Posted by: 2thdocbob | 27 November 2022

An Invitation to Come unto Him; Learn of Him; Look to Him

Sometimes a particular message approaches me from so many different sides that I have stop and pay attention. This is one of those occasions. And the message is significant. Because I am still a little challenged in some of the formatting in this newer version of WordPress, everything in italics is a quote.

Following is the 2022 First Presidency Christmas message, released Nov. 25 and signed by President Russell M. NelsonPresident Dallin H. Oaks and President Henry B. Eyring:

This Christmas season, we invite you to find quiet moments to reflect on our Savior’s birth, life and atoning sacrifice. Come unto Him. Learn of Him. Look to Him for lasting peace and divine rest. In a world that often feels overwhelming and contentious, He offers peace that “passeth all understanding” (Philippians 4:7).

He has promised: “Come unto me, all ye that labour and are heavy laden, and I will give you rest. Take my yoke upon you, and learn of me; … and ye shall find rest unto your souls” (Matthew 11:28-29).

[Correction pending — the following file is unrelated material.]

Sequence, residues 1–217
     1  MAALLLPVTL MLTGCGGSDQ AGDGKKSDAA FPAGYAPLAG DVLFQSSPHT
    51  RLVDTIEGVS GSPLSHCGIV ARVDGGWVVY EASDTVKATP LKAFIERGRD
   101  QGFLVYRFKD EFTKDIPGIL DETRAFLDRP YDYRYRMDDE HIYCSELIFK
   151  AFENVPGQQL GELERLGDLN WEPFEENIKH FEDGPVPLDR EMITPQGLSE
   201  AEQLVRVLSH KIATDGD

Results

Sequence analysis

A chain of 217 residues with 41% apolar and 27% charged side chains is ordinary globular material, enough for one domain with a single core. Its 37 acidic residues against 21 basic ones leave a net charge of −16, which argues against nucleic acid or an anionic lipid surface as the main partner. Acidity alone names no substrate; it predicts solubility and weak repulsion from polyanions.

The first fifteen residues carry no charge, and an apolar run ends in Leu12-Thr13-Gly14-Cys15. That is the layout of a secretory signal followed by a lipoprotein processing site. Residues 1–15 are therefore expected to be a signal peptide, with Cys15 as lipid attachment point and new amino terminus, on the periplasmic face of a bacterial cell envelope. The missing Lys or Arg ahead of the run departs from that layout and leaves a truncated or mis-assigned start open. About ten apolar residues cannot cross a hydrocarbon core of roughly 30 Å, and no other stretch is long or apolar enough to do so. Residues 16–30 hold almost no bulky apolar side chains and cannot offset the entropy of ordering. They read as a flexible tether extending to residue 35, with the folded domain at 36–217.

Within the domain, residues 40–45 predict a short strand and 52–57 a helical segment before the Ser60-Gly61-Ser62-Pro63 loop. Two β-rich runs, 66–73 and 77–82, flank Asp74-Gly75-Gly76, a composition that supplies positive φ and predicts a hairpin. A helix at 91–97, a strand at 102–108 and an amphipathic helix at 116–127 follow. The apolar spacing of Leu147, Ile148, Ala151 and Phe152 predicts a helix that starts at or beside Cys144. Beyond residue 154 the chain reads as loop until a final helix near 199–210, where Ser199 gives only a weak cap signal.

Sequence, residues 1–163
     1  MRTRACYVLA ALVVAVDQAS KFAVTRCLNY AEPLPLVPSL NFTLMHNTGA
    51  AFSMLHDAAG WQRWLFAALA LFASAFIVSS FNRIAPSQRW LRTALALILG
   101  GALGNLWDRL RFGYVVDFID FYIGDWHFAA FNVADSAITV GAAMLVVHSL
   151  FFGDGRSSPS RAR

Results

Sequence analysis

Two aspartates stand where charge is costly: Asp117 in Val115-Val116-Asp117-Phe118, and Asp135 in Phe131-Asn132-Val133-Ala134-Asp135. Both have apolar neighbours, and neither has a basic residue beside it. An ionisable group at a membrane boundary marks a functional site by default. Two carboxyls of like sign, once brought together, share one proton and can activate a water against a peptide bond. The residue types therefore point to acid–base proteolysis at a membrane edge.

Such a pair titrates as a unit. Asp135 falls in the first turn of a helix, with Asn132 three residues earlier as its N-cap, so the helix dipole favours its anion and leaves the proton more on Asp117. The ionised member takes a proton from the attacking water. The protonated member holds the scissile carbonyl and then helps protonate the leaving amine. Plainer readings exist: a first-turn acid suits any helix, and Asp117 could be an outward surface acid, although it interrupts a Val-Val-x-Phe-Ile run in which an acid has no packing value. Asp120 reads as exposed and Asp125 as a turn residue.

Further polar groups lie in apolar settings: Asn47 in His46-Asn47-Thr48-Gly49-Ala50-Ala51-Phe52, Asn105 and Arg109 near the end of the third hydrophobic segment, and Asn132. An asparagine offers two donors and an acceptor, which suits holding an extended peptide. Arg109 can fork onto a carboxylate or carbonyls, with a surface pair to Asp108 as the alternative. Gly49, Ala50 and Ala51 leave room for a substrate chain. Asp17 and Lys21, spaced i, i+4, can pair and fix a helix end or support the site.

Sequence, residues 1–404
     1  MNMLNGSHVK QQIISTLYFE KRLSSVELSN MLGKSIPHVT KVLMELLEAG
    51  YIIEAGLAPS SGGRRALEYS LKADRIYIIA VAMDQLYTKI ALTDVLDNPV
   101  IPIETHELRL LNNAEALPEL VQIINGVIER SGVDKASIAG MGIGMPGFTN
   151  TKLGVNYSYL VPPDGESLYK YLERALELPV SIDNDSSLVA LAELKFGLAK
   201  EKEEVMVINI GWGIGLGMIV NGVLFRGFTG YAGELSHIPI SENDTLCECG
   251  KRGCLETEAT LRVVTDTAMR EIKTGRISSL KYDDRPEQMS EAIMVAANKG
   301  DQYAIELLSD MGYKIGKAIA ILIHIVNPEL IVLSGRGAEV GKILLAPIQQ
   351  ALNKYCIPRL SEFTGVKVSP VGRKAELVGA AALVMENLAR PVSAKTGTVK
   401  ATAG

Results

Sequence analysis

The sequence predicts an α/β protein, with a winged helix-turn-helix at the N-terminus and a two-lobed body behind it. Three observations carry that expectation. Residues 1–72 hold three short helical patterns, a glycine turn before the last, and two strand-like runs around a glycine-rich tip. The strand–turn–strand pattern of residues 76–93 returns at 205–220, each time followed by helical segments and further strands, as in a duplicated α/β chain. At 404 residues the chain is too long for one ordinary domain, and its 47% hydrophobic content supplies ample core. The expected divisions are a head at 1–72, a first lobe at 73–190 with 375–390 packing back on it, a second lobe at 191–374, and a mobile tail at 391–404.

We testify that as you seek our Savior’s love, peace and rest, you will find it. You will be blessed to feel the true spirit of Christmas, the eternal joy that comes only from Him.[1]

I believe in prophetic promises, and I welcome the promise of peace through Christ. This is an important promise which is relevant to believers and non-believers.

I have been listening to Christmas music for nearly a month. It struck me, with some disappointment, that very few songs that receive airplay are actually about Christ. In fact, most of them are winter songs that are only played at Christmastime, so they have become associated with Christmas. Most of the rest are Santa Claus songs. There are also romance songs.

I honestly enjoy the vast majority of these songs. They are fun to listen to, and fun to sing along with. I enjoy the creativity that goes into dressing up old Christmas songs in current styles. But the absence of songs about him whose birth we celebrate is striking.